The world's most handsome and charismatic blogger stands outside his beloved friends at Goldman Sachs to congratulate them on the outstanding CMBS offering made through TALF government leveraging for Developers Diversified Realty (notice the funny looks that I am getting from the women in the background, haven't they seen a handsome and charismatic blogger before??? Cool). I have a few questions about follow on offerings and what that may portend for REITs who are in a even better situation than DDR, but let's read up on why I walked past GS headquarters in the first place. After the article excerpted below, we will discuss some tidbits of data and info that neither Goldman nor the REIT prolific Merrill Lynch, or anyone within a bonus' throw or subway distance from 85 Broad will bother to tell you about the REITs, save that handsome and charismatic guy who dares poke fun at the "Almighty at 85"!

From WSJ.com:

Demand is expected to be strong Monday for the first sale of commercial-mortgage-backed securities under a government rescue program designed, in part, to ease the mounting stress in the commercial-property sector.

But the strong demand is partly a reflection of the conservative underwriting of the $400 million in bonds backed by 28 Developers Diversified Realty Corp. shopping centers, in terms of the quality of the assets underlying the loan and the loan amount relative to the value of the properties. [If BoomBustBloggers remember, DDR is the company which was part and parcel of what appears to be (but only if you were to really use your imagination) a "pump'em, dump'em, double tax'em" plan with Merrill Lynch/BofA, see "Here's a Big Company Bailout by the Taxpayer That Even the Taxpayer's Missed!"]  While the deal may help reopen a vital funding source for some commercial-property investors, it will likely provide little solace to owners of tens of billions of dollars of office buildings, shopping centers and other commercial real estate that are now worth less than their mortgages. [more on this in a minute]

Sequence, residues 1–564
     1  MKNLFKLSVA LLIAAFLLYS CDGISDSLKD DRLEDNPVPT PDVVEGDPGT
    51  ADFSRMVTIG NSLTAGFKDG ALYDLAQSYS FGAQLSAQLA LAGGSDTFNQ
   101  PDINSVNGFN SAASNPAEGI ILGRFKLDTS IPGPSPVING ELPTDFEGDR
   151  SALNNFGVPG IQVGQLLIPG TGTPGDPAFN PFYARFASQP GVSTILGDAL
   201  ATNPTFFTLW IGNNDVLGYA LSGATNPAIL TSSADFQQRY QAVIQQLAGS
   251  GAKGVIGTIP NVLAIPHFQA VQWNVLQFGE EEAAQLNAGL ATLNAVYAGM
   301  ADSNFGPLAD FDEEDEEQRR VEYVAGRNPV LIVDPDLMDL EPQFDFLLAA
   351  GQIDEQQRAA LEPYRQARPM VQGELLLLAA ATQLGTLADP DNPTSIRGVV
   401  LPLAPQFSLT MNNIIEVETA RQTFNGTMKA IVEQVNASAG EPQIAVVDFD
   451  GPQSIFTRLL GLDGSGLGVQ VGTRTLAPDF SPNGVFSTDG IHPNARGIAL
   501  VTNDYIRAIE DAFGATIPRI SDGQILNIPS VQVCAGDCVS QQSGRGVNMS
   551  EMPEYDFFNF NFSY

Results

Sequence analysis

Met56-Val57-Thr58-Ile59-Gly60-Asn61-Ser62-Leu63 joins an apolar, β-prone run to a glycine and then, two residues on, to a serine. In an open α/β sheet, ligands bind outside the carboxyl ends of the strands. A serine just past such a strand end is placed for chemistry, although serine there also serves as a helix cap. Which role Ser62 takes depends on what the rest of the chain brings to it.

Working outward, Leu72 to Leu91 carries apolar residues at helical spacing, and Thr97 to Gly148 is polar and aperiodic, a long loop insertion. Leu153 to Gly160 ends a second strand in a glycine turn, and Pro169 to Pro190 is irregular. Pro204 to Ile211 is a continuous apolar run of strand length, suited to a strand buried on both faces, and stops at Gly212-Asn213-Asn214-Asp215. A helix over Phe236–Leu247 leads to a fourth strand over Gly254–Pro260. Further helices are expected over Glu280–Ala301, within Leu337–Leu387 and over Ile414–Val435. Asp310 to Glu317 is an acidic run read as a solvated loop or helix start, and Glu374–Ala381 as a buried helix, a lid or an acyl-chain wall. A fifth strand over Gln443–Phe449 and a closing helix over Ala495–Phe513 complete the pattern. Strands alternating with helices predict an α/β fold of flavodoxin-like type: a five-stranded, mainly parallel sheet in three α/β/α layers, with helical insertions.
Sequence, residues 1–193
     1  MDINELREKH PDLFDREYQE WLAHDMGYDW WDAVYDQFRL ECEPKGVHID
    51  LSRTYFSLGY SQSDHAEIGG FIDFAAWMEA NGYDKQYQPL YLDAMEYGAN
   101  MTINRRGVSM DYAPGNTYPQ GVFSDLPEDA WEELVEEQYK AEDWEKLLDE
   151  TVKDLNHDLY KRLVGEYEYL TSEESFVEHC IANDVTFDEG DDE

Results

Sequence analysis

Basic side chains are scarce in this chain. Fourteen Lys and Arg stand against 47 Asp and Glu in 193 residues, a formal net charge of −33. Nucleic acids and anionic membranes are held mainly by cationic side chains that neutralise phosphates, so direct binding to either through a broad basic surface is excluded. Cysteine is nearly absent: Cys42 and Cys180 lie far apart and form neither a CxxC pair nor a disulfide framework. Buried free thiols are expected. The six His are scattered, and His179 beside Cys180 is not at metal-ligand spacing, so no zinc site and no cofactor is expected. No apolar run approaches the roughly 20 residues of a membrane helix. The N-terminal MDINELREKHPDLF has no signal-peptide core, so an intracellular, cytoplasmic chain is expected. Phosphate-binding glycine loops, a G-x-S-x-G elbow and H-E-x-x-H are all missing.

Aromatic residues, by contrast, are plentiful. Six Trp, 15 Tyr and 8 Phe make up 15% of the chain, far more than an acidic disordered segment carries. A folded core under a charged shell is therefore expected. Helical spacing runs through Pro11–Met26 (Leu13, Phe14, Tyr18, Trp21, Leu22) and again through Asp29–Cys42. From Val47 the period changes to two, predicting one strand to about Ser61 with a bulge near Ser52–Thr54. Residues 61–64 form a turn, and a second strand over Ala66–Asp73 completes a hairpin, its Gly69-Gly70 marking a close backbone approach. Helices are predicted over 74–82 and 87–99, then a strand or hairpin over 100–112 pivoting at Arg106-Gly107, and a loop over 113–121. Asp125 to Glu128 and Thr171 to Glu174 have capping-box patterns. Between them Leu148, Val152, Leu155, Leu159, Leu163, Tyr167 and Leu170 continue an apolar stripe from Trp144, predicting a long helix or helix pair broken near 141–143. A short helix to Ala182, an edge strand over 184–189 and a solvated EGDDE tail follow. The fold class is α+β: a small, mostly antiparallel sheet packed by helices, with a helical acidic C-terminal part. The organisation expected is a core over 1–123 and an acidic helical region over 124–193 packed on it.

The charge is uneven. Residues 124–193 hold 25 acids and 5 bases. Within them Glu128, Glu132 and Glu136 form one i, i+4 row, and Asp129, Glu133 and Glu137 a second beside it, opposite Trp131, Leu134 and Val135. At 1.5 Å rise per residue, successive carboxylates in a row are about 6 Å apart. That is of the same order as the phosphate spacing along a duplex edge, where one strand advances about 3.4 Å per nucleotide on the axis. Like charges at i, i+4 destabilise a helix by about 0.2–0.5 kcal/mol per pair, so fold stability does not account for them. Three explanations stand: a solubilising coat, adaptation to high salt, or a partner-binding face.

gs_congrats.jpg

The world's most handsome and charismatic blogger stands outside his beloved friends at Goldman Sachs to congratulate them on the outstanding CMBS offering made through TALF government leveraging for Developers Diversified Realty (notice the funny looks that I am getting from the women in the background, haven't they seen a handsome and charismatic blogger before??? Cool). I have a few questions about follow on offerings and what that may portend for REITs who are in a even better situation than DDR, but let's read up on why I walked past GS headquarters in the first place. After the article excerpted below, we will discuss some tidbits of data and info that neither Goldman nor the REIT prolific Merrill Lynch, or anyone within a bonus' throw or subway distance from 85 Broad will bother to tell you about the REITs, save that handsome and charismatic guy who dares poke fun at the "Almighty at 85"!

From WSJ.com:

Demand is expected to be strong Monday for the first sale of commercial-mortgage-backed securities under a government rescue program designed, in part, to ease the mounting stress in the commercial-property sector.

But the strong demand is partly a reflection of the conservative underwriting of the $400 million in bonds backed by 28 Developers Diversified Realty Corp. shopping centers, in terms of the quality of the assets underlying the loan and the loan amount relative to the value of the properties. [If BoomBustBloggers remember, DDR is the company which was part and parcel of what appears to be (but only if you were to really use your imagination) a "pump'em, dump'em, double tax'em" plan with Merrill Lynch/BofA, see "Here's a Big Company Bailout by the Taxpayer That Even the Taxpayer's Missed!"]  While the deal may help reopen a vital funding source for some commercial-property investors, it will likely provide little solace to owners of tens of billions of dollars of office buildings, shopping centers and other commercial real estate that are now worth less than their mortgages. [more on this in a minute]